You still can’t download the Beatles’ catalogue legally on the Web. But you may be able to play along with the Fab Four’s digitized tracks via a video game, says the FT.
The paper says the band’s reps are talking to Activision (ATVI), the company behind “Guitar Hero” franchise, and MTV (VIAB), who launched the similar “Rock Band” game last year. The report doesn’t spell this out, but our assumption is that the band’s music would be incorporated into one or both of the existing games, rather than forming the basis for a new game. A deal would be worth “millions” and could be “reached in a matter of weeks,” the paper says.
rumours notwithstanding, the Beatles are one of the last major holdouts from iTunes (AAPL). Why would the band be willing to licence their tunes to video games before the world’s most popular digital music store? Two possible answers:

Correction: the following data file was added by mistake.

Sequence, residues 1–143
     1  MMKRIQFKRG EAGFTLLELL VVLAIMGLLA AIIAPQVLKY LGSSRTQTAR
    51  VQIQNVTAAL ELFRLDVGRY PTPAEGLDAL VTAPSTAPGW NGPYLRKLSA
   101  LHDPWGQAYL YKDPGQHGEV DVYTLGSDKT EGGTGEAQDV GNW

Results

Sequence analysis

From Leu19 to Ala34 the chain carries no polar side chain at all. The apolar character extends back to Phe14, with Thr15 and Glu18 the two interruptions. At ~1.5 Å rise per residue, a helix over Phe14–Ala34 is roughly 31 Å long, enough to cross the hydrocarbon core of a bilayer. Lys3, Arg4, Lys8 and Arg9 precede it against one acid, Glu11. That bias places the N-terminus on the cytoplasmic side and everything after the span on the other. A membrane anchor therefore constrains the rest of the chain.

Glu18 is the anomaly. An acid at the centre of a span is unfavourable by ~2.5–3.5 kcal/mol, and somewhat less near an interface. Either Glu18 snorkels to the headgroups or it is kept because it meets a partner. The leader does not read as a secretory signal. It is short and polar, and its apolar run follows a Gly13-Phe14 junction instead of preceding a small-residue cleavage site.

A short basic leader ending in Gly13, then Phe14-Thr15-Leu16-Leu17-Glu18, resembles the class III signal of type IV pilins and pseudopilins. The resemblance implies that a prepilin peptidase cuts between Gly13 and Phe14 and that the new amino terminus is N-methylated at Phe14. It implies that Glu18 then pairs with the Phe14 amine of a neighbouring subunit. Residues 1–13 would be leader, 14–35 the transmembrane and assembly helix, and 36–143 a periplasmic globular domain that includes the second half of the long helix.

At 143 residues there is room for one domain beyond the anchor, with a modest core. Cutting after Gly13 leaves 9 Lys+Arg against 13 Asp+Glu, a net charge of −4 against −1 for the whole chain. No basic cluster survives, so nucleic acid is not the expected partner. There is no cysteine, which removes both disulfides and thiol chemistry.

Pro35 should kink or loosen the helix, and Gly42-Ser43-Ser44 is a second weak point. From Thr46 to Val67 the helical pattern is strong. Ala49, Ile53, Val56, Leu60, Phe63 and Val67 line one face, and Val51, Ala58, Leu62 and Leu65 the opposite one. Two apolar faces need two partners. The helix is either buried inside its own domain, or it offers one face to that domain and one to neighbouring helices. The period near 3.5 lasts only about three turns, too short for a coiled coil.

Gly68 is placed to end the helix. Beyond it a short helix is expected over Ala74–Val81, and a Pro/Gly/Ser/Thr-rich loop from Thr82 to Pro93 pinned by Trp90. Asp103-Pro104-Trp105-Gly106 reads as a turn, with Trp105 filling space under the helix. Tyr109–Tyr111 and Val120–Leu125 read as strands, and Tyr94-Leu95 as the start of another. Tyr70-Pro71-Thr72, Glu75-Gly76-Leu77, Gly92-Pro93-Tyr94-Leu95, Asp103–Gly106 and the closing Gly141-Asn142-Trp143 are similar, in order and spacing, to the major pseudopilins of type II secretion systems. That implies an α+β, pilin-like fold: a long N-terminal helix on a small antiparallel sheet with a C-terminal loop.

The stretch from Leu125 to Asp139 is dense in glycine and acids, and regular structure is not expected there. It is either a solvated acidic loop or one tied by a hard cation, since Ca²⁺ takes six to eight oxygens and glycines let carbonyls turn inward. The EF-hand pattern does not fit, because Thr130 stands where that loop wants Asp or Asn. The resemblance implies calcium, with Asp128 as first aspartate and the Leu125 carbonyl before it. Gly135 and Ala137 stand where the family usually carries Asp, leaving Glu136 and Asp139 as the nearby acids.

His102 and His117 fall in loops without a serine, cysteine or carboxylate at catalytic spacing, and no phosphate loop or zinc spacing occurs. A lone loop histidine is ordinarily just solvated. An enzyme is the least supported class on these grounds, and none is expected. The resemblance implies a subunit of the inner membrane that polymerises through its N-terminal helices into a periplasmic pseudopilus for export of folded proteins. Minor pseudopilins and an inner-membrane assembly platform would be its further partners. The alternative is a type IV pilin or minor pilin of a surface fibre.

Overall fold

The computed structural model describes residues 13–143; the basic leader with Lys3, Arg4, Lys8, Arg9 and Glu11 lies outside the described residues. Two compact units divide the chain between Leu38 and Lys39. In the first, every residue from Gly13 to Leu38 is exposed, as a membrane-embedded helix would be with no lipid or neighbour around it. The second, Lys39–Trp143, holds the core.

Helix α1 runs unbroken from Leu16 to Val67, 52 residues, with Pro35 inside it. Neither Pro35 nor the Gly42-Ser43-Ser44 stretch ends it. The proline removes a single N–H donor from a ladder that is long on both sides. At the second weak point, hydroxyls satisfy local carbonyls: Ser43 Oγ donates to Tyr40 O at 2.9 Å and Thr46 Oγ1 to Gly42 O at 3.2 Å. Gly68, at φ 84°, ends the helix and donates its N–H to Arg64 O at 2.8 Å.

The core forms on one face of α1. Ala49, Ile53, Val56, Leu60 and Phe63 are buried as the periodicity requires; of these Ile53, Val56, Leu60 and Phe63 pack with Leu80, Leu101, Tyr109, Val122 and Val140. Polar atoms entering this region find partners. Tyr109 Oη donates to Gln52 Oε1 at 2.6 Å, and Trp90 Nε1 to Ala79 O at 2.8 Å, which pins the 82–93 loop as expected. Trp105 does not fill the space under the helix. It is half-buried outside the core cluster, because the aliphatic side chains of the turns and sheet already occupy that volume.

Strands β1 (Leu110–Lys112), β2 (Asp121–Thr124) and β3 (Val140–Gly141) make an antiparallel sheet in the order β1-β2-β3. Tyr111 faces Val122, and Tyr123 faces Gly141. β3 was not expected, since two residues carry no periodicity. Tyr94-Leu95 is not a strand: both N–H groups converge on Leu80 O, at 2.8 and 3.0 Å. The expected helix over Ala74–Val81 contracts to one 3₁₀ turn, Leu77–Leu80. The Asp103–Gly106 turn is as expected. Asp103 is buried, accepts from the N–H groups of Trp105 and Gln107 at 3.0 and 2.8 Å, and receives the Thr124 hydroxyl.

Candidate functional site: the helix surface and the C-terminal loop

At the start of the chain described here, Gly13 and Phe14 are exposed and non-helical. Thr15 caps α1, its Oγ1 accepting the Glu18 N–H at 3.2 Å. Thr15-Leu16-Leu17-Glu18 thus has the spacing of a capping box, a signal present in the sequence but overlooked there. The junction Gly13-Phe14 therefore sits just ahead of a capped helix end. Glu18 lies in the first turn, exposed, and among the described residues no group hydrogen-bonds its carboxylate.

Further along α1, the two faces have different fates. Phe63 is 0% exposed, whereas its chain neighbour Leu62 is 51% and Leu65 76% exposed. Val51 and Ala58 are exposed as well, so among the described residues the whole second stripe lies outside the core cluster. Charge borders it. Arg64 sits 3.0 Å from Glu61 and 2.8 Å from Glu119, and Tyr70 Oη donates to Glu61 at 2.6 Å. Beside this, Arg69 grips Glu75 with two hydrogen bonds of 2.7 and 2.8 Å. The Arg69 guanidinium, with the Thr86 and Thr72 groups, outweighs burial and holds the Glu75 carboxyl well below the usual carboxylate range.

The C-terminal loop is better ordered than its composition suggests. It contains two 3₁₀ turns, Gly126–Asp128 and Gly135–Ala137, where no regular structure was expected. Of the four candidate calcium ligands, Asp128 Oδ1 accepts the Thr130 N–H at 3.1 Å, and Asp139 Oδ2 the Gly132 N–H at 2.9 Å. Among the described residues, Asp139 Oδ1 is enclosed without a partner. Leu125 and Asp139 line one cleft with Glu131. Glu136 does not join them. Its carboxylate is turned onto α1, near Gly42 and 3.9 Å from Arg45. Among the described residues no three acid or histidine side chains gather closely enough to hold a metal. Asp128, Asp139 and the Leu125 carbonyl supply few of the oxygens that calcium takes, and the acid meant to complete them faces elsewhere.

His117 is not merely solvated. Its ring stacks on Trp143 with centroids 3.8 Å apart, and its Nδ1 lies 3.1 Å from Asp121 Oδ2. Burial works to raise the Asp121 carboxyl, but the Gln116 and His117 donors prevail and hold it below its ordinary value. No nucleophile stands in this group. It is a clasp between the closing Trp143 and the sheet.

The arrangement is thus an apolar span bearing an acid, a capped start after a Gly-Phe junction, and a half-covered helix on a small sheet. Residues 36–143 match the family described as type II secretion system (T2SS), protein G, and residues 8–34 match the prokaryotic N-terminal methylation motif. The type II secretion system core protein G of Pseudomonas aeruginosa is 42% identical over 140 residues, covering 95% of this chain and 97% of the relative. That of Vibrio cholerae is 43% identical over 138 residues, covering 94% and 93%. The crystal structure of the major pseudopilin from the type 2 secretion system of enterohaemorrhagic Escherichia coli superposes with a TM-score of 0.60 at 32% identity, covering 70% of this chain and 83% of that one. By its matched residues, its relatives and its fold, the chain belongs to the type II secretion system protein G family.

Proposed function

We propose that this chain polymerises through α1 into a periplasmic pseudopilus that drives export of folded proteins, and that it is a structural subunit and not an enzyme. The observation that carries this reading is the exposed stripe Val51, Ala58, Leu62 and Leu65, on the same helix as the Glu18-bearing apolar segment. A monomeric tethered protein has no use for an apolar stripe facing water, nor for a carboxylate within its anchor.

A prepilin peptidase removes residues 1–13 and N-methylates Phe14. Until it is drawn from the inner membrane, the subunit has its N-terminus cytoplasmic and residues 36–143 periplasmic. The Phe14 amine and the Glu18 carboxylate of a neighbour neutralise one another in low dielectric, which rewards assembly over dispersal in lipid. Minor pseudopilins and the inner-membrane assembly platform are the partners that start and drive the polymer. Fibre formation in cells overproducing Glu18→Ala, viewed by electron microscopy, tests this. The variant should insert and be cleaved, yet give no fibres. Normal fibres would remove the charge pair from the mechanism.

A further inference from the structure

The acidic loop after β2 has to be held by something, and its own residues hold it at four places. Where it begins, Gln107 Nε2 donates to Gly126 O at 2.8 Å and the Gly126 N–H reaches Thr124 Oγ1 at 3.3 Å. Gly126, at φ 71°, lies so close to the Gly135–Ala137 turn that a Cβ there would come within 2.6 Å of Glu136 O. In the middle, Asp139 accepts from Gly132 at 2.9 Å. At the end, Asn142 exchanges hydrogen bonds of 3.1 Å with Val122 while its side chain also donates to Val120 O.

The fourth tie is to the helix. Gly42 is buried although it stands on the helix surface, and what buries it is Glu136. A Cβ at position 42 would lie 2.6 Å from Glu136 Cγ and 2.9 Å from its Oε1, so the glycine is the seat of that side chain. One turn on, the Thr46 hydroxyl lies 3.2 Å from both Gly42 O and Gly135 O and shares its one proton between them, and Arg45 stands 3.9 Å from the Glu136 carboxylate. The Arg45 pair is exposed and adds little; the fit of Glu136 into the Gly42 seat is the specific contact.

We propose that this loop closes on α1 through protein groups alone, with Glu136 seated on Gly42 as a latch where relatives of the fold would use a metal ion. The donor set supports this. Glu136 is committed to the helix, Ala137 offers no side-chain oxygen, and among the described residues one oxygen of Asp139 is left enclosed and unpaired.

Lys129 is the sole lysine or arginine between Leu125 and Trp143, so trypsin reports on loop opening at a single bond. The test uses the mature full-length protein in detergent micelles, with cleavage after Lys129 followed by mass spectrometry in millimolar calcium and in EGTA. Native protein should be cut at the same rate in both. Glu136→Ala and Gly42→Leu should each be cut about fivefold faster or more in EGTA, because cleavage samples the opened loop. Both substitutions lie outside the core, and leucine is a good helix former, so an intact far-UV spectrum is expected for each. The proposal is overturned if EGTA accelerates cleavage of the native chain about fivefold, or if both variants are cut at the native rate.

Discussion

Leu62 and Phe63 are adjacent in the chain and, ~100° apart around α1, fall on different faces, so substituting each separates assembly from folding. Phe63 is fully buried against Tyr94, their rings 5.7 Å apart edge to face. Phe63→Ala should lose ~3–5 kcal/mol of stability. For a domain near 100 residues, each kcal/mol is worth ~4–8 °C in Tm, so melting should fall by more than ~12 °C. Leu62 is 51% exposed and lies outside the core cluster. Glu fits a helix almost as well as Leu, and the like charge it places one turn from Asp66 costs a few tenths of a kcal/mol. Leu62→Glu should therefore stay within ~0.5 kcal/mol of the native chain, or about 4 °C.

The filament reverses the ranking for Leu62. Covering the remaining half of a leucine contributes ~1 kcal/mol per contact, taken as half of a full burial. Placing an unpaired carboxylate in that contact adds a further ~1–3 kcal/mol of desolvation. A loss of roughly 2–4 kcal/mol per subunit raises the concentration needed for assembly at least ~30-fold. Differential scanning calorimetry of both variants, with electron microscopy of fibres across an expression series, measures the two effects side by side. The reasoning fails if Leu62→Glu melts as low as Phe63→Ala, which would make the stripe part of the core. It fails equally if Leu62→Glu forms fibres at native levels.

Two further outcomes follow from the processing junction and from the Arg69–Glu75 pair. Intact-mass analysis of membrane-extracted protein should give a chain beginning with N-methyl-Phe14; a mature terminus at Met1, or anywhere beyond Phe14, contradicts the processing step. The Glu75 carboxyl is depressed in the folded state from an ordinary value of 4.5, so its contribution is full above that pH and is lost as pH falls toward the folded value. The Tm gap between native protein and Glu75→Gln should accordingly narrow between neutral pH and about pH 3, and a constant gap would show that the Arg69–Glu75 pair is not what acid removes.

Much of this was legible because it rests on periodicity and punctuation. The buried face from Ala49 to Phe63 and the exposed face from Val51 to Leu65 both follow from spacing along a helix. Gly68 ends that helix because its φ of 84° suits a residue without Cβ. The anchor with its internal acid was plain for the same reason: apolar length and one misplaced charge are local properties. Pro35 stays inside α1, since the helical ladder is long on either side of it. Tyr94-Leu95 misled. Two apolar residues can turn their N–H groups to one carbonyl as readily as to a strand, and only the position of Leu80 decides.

- You got us. We gather, via second-hand sources, that the band (that’s Paul McCartney and Ringo Starr, along with John and George’s estates) hasn’t ever fully come to grips with the Internet, and what it does and doesn’t mean to both creators and consumers of music. Though as the FT notes, Apple Corp, the band’s business entity, has become more interested in licensing deals in the last year or so, since new management has taken over.
- If you do want to licence your music digitally, doing it via the games is a cautious first step: Because they’re novelty items, a la ring tones, you can sell each song for more than the going price of an iTunes download (most are going for about $1.99). And because they’re downloaded directly into the video game, you don’t have to worry about cannibalising future digital sales.
We still expect to see a Beatles/iTunes deal… someday. But the Fab Four are going to have offer something pretty special when they do get around to it — it’s not as if people can’t find it on the Web right now.